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America’s future. It’s this generation of young adults that will soon become prominent members and leaders in the United States. While pushing out graduates like manufactured goods might be faster and simpler, the results will be one of conformity and standardization with untapped talents and a lack of passion. By focusing on the individual, we’re creating a great diversity of individuals who are each prepared to pick up the responsibility and keep moving forward from their own experiences, not from a degree. High school graduates face a tough decision after graduation. They must both look ahead into their future while looking down to make sure they’re on what they deem to be the right path for them. I absolutely support a major analysis of the current educational system pertaining to colleges. While currently accepted to be necessary, colleges are losing their status fast due to their extreme tuition costs that lead to student debts, outdated and overbearingly formal environment and classrooms, and suppression of creativity and passion. This is increasingly becoming an issue. Ever generation pushed through our linear path of the educational system is one step away from the great potential we can, and have the right, to be. College is losing its potential and in today’s world of innovation, it’s no longer a necessity if a young adult has the drive. These are our neighbors, peers, children, nephews and nieces we’re talking about. Let them decide their future before pushing obligations, stigmas and expectations of their future into their open arms.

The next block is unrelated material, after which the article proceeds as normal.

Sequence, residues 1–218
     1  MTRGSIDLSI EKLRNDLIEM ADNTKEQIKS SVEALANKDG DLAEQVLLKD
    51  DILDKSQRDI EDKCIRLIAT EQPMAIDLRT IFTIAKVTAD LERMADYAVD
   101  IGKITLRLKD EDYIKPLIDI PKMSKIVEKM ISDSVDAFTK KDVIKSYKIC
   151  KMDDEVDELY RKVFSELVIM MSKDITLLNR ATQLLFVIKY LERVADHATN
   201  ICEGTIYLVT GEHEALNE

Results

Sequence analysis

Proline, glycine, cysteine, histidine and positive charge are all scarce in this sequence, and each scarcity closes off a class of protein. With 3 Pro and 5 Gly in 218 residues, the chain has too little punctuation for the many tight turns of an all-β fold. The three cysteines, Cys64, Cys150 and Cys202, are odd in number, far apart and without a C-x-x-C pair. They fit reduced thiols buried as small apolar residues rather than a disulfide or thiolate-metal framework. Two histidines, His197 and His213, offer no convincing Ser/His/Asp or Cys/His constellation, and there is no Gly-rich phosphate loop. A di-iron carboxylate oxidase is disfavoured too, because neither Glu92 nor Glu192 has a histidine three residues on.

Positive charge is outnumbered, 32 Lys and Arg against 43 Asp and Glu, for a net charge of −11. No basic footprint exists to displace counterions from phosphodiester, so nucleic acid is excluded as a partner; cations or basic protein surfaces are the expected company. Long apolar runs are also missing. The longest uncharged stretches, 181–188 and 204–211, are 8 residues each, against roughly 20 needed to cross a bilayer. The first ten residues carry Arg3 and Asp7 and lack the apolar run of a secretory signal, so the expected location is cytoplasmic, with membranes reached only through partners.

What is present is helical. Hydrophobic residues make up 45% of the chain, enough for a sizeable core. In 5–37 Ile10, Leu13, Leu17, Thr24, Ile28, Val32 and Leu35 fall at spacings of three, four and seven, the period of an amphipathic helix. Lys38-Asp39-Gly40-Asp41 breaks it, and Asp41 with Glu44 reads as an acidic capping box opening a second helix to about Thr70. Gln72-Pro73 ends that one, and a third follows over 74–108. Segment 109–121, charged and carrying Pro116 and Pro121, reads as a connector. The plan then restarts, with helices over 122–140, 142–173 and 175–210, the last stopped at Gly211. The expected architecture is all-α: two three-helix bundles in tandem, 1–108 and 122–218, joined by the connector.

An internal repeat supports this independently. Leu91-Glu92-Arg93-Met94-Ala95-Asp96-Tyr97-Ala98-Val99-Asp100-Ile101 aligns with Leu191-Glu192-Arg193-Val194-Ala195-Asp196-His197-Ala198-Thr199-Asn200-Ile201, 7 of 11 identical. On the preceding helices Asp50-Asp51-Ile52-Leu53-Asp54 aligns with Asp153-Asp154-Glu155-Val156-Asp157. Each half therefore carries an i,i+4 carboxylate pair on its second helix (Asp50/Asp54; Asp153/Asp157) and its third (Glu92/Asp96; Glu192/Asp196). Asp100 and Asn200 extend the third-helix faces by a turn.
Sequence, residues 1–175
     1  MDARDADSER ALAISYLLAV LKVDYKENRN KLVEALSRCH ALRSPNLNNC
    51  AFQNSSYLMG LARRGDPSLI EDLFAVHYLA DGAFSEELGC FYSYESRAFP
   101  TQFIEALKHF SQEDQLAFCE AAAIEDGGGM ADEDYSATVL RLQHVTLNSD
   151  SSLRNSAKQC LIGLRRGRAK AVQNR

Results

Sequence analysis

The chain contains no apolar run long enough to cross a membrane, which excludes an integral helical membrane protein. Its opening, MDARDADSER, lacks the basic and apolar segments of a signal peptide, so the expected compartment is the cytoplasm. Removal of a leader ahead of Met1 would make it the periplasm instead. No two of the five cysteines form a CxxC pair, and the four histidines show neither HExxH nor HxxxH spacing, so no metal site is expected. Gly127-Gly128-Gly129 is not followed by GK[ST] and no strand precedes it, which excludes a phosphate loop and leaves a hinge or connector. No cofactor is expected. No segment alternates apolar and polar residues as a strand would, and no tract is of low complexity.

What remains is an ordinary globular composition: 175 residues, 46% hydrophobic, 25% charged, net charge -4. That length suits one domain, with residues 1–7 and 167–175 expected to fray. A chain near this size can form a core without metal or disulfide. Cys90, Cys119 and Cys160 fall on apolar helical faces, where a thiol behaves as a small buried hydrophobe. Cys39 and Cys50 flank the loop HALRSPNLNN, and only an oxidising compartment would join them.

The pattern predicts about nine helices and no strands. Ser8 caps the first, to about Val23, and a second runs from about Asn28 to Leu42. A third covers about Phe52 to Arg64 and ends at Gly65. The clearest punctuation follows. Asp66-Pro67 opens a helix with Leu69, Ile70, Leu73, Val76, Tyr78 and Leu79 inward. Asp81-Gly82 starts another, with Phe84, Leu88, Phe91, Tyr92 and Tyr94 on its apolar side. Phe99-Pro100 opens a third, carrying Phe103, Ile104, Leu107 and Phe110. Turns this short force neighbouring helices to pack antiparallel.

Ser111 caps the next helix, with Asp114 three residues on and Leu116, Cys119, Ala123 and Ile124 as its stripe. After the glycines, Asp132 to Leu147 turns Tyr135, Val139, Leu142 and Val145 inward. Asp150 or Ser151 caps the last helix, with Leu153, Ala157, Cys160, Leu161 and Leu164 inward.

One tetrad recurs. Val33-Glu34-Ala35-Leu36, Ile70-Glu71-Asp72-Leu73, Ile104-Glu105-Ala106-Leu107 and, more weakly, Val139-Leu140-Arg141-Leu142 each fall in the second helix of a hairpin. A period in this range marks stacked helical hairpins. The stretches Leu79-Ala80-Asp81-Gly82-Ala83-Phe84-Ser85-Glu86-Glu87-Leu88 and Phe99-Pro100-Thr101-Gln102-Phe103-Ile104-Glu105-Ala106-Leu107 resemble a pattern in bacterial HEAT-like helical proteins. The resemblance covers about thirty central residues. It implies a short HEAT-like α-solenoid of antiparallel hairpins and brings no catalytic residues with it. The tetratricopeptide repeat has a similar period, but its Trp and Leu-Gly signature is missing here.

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Work Cited Applegate, James L. "Graduating The 21St Century Student: Advising As If Their Lives (And Our Future) Depended On It." NACADA Journal 32.1 (2012): 5-11. Education Research Complete. Web. 15 Oct. 2012. Hindman, Nate C. "Peter Thiel Fellows One Year Later, Income Hard to Come By." Huffingtonpost.com TheHuffingtonPost.com, Inc. 08 Oct. 2012. Web. 20 Sept. 2012.

McGuire, Jeff. “Importance of College Education: Why it is Important to go to College.” CollegeView.com. Hobson, n.d. Web. 4 Oct. 2012. Morrow, Jennifer Ann, and Margote E. Ackermann. "Intention To Persist And Retention Of First-Year Students: The Importance Of Motivation And Sense Of Belonging." 46.3 (2012): 483-491. Web. 15 Oct. 2012. Occupy Colleges. OccupyColleges.org. 2012. Web. 25 Sept. 2012. Occupy Student Debt. OccupyStudentDebt.com. OSD, 2012. Web. 23 Oct. 2012. Ojalvo, Holly Epstein. “Why Go To College At All?” NYTimes.com, The New York Times Company. 02 Feb. 2012. Web. 13 Sept. 2012. Robinson, Sir Ken. “Bring on the Learning Revolution.” Ted.com. Ted Conferences, LLC, May, 2010. Web. Sept. 2012. Stephens, Dale J. UnCollege.org. UnCollege, 2012. Web. 23 Sept. 2012.

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“U.S Student Loan and Credit Card Debt.” Chart. OccupyCollege.org. Web. 13 Sept. 2012

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Peer Review Comments. 1. Mere, this was a very well thought out essay that has lots of passion over a very new controversial topic. I think it would be useful to your paper if you explained why the United States is falling behind in the educational system. 2. Do you have a personal view on how we should fix this problem? Could be a fiscal change? Or maybe something else? 3. You used great analogies in your essay to show the reader what your viewpoint was. Maybe use some more visual art to portray your position on the issue though, and allow the reader to see the statistics you laid out in the paper.